Consumer demand for experience in all things has led to consumers expecting experience in all things. The term “experience” is a little misleading, however, when it comes to beverages. When you hear the word, in conjures images of immersive, highly visual tours highlighting local culture and producers—something like a caffeine tour. But beverage experiences, following the lead of what’s happened around craft beer, have become something more personal.
Let’s face it—there’s not really much you can do with a beverage outside of presentation or flavor. You can infuse it with colors, all manner of garnish and all kinds of unusual—even outlandish, to us—international flavors. Still, a beverage hinges on the simple act of drinking it, and that’s the sum of the “experience.”
But wait. You can tell a story with a drink.
Recently AB InBev, the maker of all things Budweiser, announced that it would be creating a beer based on one of George Washington’s original homebrew recipes. The, by itself, would likely be just another LTO that sat on the shelf, looking like it wanted to be craft beer. That is, if not for the historical element lending itself to the overall story of the beer.
It isn’t just an old recipe—it’s a recipe that George Washington, THE founding father, wrote himself while he was brewing his own beer. That perception of a history, of a story, is what beverage experiences have become, and that sense of meaning or connection to something greater is something that no amount of glitter or odd flavors can replace.
Experiences, especially in beverages, are evolving to encompass something less tangible to give meaning to something that has a lifespan of about an hour, at the max. They lean harder on memories, and less on mementos.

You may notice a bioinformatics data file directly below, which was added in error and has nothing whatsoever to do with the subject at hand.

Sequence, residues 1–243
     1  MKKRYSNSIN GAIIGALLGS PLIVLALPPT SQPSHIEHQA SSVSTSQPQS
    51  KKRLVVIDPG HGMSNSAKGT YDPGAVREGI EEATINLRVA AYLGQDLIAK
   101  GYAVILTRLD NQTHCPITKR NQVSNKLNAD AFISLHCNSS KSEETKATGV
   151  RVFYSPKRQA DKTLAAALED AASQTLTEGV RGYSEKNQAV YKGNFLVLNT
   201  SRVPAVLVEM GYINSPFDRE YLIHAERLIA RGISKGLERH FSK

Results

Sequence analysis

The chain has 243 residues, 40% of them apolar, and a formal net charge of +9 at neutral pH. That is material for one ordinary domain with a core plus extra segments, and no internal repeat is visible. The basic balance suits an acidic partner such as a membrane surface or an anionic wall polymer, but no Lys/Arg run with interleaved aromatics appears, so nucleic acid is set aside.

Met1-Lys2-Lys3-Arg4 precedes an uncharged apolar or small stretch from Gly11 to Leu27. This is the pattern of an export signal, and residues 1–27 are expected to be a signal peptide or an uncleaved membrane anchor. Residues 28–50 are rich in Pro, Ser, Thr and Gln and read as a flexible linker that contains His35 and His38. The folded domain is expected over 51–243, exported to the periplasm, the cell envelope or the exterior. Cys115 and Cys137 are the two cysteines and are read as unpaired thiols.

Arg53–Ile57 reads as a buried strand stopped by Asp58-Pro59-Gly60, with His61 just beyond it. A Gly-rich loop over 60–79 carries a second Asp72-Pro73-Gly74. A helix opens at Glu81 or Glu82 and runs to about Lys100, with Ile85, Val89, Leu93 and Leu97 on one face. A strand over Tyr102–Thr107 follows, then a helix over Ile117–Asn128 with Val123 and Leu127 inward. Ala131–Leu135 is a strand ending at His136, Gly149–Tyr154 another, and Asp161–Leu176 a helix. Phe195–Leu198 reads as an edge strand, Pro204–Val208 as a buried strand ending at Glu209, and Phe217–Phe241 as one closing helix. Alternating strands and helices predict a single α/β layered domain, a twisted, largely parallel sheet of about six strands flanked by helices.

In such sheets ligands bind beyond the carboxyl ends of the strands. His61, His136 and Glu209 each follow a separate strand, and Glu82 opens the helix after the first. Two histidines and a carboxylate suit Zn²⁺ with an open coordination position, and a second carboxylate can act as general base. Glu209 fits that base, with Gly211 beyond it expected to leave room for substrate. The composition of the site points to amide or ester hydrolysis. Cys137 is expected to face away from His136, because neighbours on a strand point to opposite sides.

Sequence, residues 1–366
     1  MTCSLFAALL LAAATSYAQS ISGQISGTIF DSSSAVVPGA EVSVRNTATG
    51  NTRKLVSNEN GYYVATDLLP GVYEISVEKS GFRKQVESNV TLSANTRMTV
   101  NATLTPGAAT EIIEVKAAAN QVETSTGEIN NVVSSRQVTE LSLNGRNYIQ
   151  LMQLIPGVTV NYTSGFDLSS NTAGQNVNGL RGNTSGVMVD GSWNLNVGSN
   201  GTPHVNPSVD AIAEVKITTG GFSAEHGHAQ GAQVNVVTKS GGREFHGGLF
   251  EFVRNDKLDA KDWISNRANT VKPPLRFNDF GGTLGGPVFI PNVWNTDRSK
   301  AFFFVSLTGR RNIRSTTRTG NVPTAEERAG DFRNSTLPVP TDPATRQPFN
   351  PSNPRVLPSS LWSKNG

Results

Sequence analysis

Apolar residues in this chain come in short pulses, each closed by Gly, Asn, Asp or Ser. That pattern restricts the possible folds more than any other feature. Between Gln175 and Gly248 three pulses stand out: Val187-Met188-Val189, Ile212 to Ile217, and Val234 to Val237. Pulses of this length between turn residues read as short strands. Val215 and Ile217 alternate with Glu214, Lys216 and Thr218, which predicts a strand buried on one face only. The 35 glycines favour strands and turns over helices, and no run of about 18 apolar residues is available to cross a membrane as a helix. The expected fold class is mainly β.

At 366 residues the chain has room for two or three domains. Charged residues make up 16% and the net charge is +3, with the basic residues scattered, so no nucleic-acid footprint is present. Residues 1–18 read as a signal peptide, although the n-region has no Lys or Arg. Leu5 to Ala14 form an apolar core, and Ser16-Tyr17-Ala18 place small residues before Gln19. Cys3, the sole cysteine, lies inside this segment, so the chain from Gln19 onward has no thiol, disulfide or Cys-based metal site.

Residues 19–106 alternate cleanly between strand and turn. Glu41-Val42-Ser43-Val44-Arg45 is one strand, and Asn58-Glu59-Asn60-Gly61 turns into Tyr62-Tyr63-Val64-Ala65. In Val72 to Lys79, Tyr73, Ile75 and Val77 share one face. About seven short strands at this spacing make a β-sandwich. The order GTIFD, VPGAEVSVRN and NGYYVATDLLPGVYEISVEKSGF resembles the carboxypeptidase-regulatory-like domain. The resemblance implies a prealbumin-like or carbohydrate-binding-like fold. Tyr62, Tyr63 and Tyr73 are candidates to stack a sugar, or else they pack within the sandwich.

Experiences are not the only thing going on in the world of beverage; consumers are looking for naturally good beverages. From sodas to beer to coffee, companies are taking it upon themselves to create healthier and more sustainable options for consumers. “Natural” and “raw” waters (the latter which is potentially alarmingly unsafe) are popular because they offer more “pure” versions of water, which is perceived to be healthier.
This confusion is not a limited-case scenario. Think about the old outrage over products such as Vitaminwater. They were perceived to be healthy, but were later reviled because consumers realized they were akin to soda as far as sugar content.
Speaking of, more so than anything else, sugar has had more influence over the direction beverages have been moving—not necessarily innovation as much as finding ways to make drinking sugarless palatable. The race to find a healthy (or at least, less detrimental) sweetener has seen the launch of numerous new sodas, energy drinks, teas, instant coffees, waters, juices, beers and wines—all in the name of finding that perfect level of sweetness that strikes a balance between taste and health. Governments have begun taxing sugary drinks in order to slow consumption, with the intent of increasing the overall health of their populations. Sugar is going down the same path as cigarettes or alcohol, taxed enough to be a deterrent to purchase, but funding services and programs from the money of those who choose not to resist.
At the end of the day the, all we often want is that the ice-cold glass of relief in our hands will mean something. It may be a greater connection to some kind of culture, or a better diet that helps us feel better. No matter what, the idea of “experience” is redefining what we think beverages can be.